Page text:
First Three Years at School in Gotha Germany

Schule 2

As I already mentioned my dad prepared us well for school.  Before every lesson in his big study he would say in English, “I am your teacher.”  He wanted to acquaint us with a foreign language early on in life.   He refused to teach us Russian, which actually would have been more useful in a communist state controlled by the  Soviet Union.

At this point I want to insert a story which I forgot to tell earlier.

When the Soviet troops first occupied Gotha, my mother was ordered to work for a commander who had taken over a neighbor’s house as residence.  For a few hours every day my mother had to do housework for him in exchange for some precious victuals.

One day when my mother reported for work, the whole household of the commander was in disarray and  upheaval.  The commander had lost his precious ring. An extensive search by all the members of his household had been unsuccessful.  The ring was not found.  Finally, my mother was accused of having stolen the ring.

The commander told my mother that she had to return the ring by the next morning or there would be dire consequences.

My mother was scared to death.  She had seen and admired the ring, but had no idea where it was.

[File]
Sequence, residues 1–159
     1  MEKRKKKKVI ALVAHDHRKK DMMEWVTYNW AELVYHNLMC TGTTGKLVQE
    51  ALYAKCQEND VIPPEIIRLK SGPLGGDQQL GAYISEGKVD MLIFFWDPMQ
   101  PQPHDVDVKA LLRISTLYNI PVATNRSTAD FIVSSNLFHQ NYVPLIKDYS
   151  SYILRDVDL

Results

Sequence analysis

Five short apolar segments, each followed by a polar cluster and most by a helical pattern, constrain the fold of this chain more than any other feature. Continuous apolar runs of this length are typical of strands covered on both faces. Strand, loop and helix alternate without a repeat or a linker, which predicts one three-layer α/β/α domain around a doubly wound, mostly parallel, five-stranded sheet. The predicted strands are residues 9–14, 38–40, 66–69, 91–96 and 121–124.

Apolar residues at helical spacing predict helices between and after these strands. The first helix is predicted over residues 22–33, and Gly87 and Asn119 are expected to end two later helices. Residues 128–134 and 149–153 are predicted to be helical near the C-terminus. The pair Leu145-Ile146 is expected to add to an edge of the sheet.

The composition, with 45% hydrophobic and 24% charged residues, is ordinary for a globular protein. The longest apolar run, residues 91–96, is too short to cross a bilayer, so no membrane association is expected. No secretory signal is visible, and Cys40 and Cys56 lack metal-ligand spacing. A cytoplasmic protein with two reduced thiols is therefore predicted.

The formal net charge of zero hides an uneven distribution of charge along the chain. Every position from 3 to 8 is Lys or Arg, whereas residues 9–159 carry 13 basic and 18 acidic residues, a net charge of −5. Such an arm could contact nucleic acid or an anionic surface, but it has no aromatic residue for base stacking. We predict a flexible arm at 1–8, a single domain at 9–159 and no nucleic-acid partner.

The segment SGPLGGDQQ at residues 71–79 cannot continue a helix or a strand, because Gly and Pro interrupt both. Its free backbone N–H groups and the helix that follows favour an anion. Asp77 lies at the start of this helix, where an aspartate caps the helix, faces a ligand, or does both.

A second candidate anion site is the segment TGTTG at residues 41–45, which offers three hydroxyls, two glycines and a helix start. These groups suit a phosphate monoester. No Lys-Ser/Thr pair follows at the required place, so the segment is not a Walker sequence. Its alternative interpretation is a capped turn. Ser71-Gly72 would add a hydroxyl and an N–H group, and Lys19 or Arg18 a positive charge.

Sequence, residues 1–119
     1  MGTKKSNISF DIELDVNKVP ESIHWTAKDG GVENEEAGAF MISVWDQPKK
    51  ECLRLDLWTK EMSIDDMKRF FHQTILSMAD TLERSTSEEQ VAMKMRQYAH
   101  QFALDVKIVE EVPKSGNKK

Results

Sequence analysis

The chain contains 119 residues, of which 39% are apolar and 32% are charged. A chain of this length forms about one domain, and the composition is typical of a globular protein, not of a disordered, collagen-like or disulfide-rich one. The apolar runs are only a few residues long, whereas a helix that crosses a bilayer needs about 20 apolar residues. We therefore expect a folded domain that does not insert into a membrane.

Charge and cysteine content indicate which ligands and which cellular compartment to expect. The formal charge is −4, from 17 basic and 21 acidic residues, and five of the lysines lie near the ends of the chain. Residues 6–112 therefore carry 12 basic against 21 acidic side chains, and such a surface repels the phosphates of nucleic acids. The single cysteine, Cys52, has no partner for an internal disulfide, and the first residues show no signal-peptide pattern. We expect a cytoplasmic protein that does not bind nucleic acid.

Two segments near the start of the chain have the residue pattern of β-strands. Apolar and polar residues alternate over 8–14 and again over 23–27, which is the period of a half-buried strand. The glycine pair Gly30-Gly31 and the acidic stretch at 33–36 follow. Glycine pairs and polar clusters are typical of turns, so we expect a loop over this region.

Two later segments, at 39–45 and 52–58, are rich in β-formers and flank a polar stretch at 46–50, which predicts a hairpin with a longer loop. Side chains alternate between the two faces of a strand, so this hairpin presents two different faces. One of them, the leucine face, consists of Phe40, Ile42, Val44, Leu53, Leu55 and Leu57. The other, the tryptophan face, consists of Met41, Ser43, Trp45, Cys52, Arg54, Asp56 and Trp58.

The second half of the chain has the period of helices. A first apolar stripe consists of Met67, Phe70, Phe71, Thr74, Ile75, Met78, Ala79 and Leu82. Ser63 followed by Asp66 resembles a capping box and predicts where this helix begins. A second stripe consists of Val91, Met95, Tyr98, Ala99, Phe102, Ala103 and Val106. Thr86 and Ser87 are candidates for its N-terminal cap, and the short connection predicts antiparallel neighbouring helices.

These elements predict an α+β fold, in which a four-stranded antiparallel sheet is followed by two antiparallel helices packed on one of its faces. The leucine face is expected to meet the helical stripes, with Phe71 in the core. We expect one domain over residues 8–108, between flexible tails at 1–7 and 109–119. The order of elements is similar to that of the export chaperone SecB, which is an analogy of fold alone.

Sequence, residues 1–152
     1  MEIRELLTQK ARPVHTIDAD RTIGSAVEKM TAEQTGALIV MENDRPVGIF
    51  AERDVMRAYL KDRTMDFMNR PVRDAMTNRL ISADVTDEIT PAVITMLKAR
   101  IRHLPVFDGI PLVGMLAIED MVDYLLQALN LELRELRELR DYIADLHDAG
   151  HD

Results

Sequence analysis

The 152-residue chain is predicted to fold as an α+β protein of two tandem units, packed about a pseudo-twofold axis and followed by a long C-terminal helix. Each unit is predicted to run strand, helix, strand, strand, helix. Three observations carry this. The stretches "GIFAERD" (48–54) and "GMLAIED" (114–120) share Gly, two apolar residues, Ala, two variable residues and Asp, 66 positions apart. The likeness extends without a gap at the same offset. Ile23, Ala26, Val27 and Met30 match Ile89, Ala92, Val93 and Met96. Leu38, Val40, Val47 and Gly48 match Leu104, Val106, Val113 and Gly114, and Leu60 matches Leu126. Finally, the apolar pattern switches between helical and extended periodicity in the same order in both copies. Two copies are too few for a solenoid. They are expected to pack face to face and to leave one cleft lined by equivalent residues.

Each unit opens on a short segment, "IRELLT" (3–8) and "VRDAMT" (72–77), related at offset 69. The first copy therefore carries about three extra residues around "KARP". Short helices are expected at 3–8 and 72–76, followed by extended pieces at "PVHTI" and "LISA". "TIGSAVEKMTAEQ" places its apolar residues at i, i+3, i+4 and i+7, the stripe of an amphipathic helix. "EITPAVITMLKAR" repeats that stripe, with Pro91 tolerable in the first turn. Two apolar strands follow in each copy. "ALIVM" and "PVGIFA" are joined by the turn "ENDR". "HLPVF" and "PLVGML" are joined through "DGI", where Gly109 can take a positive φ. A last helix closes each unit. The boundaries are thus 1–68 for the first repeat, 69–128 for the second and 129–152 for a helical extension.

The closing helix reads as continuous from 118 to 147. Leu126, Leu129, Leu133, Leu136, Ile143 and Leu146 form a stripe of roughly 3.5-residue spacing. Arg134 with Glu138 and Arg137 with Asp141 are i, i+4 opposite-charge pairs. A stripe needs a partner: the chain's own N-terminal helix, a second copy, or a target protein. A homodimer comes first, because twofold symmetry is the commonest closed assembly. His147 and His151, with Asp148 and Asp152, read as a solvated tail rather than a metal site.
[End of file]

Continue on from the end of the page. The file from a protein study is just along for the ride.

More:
She spent the night in agony not knowing what to do.  Finally, after many prayers she decided to offer the commander all her jewellery  the next day to prove her innocence,

The following morning,  weak with fear and apprehension she arrived at her work place.  She was immediately sent to the commander’s office who held out his hand to her when she entered.  My mother could not believe her eyes, when she saw the precious ring sparkling on his finger.

In his broken German the commander explained that when he was getting dressed that morning he had felt a small object in the lining of his jacket.  On further investigation it felt like his lost ring.  He remembered suddenly that he had put it in the pocket of his jacket for some reason my mother could not understand. Maybe to keep it safe.  His coat pocket had a small tear in the seam and the ring had slipped through it into the silk lining. That the ring was found in the nick of time to save my mother from dire consequences is another miracle.